These are areas where no solvent and no medium is being used, just paint straight from the tube in varying thicknesses.  It's essentially alla prima painting over and over again, each layer given time to dry and the same palette being used throughout.    

    Most areas build up enough to lose the weave of a 15 oz (unprimed) canvas.  Some areas are impastoed, some flat. I paint and repaint in many layers, so I thought this would keep the paint lean enough to always be pourous and toothy if I decided another layer was needed.

    The surfaces of these layers can range from matte and cakey, course to smooth, to more brittle, shinier impasto. All of these surface types can sometimes seem just as fragile as my more experimental surfaces, where mediums and more questionable techniques are used freely.

    Some have been dry for about a year, some a few weeks. It is hard to tell whether additional drying time is the answer. Some passages dried in a week are durable and seemingly similar areas that have been dry for six months are not. They seem weak in the same way. This makes me think a weak bond doesn't always resolve itself. So I'd like to be able to know if a good bond is actually forming, especially if it's primarily a chemical one.

      None have delaminated on their own (probably because the canvas is stretched over panel) but top layers can often be removed fairly easily with a simple piercing and running of the palette knife, peeling off cleanly, a weak, brittle layer (thick or thin) of oil paint from the layer beneath it. It takes about the same amount of force or less that it does to scratch a lottery ticket. Maybe this is normal, I don't know. But it's the separating of layers that is suspicious, as I would think a strong oil painting is bonded all the way through to the ground as one durable film.  Again, some of these layers have had months of drying time.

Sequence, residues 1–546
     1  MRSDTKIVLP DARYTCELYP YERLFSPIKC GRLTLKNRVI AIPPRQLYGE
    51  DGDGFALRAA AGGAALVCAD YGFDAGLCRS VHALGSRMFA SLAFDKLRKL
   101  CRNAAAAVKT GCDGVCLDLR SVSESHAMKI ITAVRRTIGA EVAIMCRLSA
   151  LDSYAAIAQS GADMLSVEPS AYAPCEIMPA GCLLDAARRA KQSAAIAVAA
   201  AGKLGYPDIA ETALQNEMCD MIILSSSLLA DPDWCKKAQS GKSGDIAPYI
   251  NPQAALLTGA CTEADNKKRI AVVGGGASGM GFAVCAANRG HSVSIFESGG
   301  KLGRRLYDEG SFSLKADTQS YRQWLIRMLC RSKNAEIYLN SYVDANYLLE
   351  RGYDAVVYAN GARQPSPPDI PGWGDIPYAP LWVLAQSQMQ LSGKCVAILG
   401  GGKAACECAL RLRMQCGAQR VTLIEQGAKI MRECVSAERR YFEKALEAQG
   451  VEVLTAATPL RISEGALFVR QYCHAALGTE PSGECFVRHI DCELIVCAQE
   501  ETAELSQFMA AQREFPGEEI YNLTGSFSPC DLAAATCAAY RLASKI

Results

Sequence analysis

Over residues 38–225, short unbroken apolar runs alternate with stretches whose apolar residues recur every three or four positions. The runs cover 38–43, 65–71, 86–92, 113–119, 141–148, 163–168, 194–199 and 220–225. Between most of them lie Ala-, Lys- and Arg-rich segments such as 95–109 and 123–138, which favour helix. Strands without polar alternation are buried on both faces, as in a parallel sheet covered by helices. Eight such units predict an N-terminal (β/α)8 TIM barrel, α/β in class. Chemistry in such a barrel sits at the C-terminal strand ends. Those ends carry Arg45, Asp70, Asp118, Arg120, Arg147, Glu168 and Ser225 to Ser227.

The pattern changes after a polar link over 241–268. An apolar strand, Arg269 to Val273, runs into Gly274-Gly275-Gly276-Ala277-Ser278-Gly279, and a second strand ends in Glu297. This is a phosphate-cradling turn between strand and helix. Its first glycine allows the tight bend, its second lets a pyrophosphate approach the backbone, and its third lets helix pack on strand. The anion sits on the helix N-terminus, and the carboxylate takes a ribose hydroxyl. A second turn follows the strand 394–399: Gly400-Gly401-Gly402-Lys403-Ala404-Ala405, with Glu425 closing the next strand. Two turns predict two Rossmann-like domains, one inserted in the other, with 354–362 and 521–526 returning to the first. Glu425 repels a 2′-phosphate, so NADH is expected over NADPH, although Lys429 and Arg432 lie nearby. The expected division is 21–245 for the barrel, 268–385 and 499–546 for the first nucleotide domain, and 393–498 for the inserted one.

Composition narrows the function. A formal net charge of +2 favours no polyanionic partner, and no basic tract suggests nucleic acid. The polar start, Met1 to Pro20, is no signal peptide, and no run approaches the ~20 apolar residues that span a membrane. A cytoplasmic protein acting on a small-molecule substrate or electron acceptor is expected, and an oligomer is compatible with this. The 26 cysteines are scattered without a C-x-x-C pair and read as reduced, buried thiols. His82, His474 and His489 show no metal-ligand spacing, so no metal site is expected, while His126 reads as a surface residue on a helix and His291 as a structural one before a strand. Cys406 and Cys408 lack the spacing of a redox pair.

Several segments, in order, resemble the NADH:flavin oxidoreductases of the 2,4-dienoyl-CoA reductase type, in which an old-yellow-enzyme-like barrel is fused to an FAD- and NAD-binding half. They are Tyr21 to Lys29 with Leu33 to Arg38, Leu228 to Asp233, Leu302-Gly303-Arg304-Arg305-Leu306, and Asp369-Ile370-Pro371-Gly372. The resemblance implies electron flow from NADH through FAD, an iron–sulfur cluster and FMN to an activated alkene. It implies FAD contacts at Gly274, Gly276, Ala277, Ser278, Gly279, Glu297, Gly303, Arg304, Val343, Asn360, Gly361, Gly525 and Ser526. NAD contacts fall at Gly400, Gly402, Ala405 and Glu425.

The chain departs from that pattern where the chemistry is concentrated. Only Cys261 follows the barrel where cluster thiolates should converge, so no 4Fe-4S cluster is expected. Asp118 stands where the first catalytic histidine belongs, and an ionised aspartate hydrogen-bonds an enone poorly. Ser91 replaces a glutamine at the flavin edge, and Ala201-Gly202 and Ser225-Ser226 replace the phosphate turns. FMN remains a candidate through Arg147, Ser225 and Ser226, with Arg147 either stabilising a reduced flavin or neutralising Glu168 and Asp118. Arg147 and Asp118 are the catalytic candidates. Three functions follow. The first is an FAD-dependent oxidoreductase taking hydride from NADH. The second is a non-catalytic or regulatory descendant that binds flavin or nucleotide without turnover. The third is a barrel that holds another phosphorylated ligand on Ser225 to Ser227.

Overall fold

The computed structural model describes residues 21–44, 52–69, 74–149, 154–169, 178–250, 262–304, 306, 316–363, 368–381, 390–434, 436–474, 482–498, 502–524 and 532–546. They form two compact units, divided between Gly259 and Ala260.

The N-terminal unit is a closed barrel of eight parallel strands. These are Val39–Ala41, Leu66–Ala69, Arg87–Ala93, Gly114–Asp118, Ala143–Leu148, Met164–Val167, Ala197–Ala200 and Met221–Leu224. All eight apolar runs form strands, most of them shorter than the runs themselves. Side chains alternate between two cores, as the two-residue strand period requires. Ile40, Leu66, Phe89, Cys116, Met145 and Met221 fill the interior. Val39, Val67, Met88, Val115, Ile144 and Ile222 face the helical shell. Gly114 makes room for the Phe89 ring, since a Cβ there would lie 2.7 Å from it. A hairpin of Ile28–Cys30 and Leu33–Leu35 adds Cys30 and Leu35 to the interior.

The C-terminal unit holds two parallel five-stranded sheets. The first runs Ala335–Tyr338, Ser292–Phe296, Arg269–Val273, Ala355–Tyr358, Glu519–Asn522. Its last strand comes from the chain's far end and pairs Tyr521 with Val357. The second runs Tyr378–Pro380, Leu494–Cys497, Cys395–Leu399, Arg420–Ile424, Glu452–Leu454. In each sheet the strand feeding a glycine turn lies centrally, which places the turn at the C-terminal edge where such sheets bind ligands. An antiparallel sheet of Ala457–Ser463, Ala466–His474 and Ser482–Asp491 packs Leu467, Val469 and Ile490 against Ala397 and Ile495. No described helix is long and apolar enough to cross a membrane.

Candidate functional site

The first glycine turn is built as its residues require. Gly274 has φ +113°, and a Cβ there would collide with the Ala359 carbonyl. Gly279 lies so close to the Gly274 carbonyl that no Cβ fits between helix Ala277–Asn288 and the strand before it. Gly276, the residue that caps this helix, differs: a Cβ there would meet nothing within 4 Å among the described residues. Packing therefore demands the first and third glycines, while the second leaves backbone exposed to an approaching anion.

The ground is a high quality acrylic dispersion made by Utrecht.  I’m now considering going to a lead oil ground to see if it helps, and also switching to using lead white. I've read the films are stronger than titanium and I use a lot of titanium.

    What is frustrating is that it seems like lean paint straight from the tube just stops adhering to itself after so many layers, sometimes surprisingly early. I thought this simple method would be fool proof. But maybe a medium is needed at some point in order to ensure adhesion to the previous layer?  I’m very wary of mediums because they can over complicate matters. Also, I've used them by the book before and the same thing is liable to happen, except the area that is poorly bonded is more skin like and flexible than flaky. 

    All of this is made more confusing because I don't know what actually constitutes proper bonding between layers and how to recognize it when it's happening. Bonding that would help ensure that the painting will survive well enough under the expected conditions that a painting is meant to endure.  

    I do not want to post images online but if you'd like to see some of what I'm talking about, I can send them via email.

    Thanks again, I know this was long but I can't tell you how much I appreciate this feedback.

    2017-08-10 13:11:05
  • EditDeleteModerator Answer